Saturday 16 December 2017

John Torode roasted by BBC for saying he and fellow MasterChef host Gregg Wallace aren't friends

Undated Plank PR handout photo of MasterChef judges Gregg Wallace (left) and John Torode, ahead of MasterChef 2017, which returns to BBC1 this spring.
Undated Plank PR handout photo of MasterChef judges Gregg Wallace (left) and John Torode, ahead of MasterChef 2017, which returns to BBC1 this spring.

MasterChef's John Torode was given a roasting by BBC bosses after saying he wasn’t really friends with co-presenter Gregg Wallace.

The Australian had said: "It’s funny, we’ve never been friends." But Wallace has disclosed that it led to a dressing-down.

"John and I had a laugh about it and started putting pictures of ourselves on Twitter," said Wallace, 53.

"But he got told off a bit by the BBC and by the commissioner and the executive saying he should have handled it a bit more carefully."

Chef John Torode (r) poses with fellow Masterchef presenter Gregg Wallace as he launches his new book 'Beef' at Smith's of Smithfield, Charterhouse Street, in central London.
Chef John Torode (r) poses with fellow Masterchef presenter Gregg Wallace as he launches his new book 'Beef' at Smith's of Smithfield, Charterhouse Street, in central London.

Wallace admits the confusion may have arisen from the kind of relationship – which dates back well before their television careers – he has with his co-host.

"I think what he was trying to say was that we’re not friends in the typical sense," he added.

"But it came out that we’re not friends and that simply isn’t true. John was best man at my wedding and I’m not really closer to anybody else.

"Where it’s an unusual relationship – and it most certainly is – is that because we’re so friendly on telly, people think it’s make believe or that we’re close outside of work.

Picture Shows: (L-R) Gregg Wallace, John Torode - (C) Shine TV - Photographer: Production
Picture Shows: (L-R) Gregg Wallace, John Torode - (C) Shine TV - Photographer: Production

"We don’t see each other away from work but we’re close in work seven months of the year. We don’t meet up at weekends, or share the same interests and we’ve never been to each other’s houses.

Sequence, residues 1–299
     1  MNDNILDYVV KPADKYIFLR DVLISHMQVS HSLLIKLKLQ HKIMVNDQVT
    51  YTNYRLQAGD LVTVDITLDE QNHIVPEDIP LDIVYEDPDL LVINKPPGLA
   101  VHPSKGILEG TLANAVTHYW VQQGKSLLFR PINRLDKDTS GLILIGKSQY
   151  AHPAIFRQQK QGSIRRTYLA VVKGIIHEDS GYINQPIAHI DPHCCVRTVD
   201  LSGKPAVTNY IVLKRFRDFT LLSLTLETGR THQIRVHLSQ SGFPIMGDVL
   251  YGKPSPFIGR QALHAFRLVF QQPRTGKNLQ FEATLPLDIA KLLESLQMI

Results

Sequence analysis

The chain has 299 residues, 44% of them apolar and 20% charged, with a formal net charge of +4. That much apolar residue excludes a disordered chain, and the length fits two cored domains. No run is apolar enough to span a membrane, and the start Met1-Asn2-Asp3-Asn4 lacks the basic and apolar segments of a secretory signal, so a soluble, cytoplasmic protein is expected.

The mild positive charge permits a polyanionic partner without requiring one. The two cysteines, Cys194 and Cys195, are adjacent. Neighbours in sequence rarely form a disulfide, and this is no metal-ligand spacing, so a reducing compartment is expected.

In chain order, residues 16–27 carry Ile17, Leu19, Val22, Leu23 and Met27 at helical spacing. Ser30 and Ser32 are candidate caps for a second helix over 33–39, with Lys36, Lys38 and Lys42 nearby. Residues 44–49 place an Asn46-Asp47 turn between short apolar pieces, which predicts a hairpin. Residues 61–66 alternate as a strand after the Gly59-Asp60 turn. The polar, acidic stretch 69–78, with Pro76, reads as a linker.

"But nobody’s been to my house. My home is my haven and when I’m there I don’t like anything that drags me out of it.

"It’s not a typical working relationship – it’s actually closer – and it’s not a typical friendship, but it works for us."

Wallace originally met Anne-Marie Sterpini –  his Italian-born wife, who is also known as Anna and is 21 years his junior – on Twitter in 2013 and he says he couldn’t be happier.

"Look, I’ve got it wrong a number of times before and I’m convinced it’s a game of luck. This time I put my penny in the slot machine and I got three cherries up.

"It makes me look back and wonder how I made all those mistakes. I’m very fortunate. What is the chance at my age of finding somebody who has to offer what you’re looking for and you’ve got what they’ve been looking for?

"She is absolutely lovely. Old-fashioned Italians are all about marriage and family. She’s a very old-fashioned girl. We have a very clear distinction about what each other’s roles are supposed to be.

"If it’s inside the front door, it’s Anna’s. If it’s outside the front door, it’s mine. The only thing that crosses that border is the sacks of rubbish. I do that."

Wallace also suggested that the couple could start a family together.

"We would like to have a baby,” said the presenter, who has two teenage sons from his second marriage.

"I brought up my two sons on my own, but I think when Anna’s having a baby her mum’s going to move in to help out.  Having another good Italian cook in the house won’t bother me."

MasterChef Finals Week starts on Monday, as this series' top talents aim compete to create their most exceptional dishes yet.

The final five will face a series of challenges before the ultimate winner is crowned on Friday.

"After 13 years I don’t get surprised any longer by how good people are," said Wallace.

"It used to worry me that we wouldn’t find contestants of the same calibre. But about five years ago it dawned on me that it’s the MasterChef experience that’s taking them from good to great.

"It’s three months where they are doing nothing else but cooking. At the start they’re mentored by myself and John but later on they are learning from some of the greatest chefs in the country.

"You simply can’t do something like that without it having a huge impact. They have skill and style and creativity to get beyond the early rounds.

"The practice and mentoring they’re getting by the quarter and semi-finals is what's pushing them into being absolutely amazing.

Huge viewing figures across all the different series, including the celebrity and professional versions, have made the show a phenomenon in recent years.

"Sometimes I have to stop and pinch myself at how lucky I am. MasterChef came along when I was 40 and I think that was the right time for me," said Wallace.

"I’d done my share of hard graft and I looked on this TV career as a real privilege."

After long days of food tasting in the MasterChef studios, cooking is still on the menu when he gets home in the evening.

Seafood pasta would be his go-to dish if he was faced with a MasterChef invention test, while Sterpini favours stews, curries and chillies.

"I love to cook and relaxation at home is Anna and I cooking together with some Barry White playing and a bottle of wine. Anna might be half my age but she’s twice the cook.

"She learned with her mother and her grandmother and she can’t remember a time she wasn’t cooking."

MasterChef Finals Week finishes on Friday at 8.30pm.

Telegraph.co.uk

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